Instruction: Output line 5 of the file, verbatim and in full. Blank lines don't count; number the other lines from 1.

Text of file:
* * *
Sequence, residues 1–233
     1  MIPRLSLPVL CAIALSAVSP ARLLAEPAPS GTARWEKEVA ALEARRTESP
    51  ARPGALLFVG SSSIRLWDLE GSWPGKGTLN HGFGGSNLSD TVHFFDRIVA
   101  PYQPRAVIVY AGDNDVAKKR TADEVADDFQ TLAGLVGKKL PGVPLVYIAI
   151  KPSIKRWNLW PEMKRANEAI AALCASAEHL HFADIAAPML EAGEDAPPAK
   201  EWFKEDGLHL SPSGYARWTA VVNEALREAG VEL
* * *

   151  KPSIKRWNLW PEMKRANEAI AALCASAEHL HFADIAAPML EAGEDAPPAK